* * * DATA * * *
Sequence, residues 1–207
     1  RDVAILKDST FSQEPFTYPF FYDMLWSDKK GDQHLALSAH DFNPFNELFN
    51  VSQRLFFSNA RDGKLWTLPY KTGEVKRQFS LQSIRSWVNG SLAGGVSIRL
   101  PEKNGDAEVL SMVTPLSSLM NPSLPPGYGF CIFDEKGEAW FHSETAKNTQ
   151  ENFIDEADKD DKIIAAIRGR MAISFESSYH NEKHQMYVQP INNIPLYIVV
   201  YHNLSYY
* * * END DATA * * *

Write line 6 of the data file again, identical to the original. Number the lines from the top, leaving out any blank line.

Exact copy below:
   201  YHNLSYY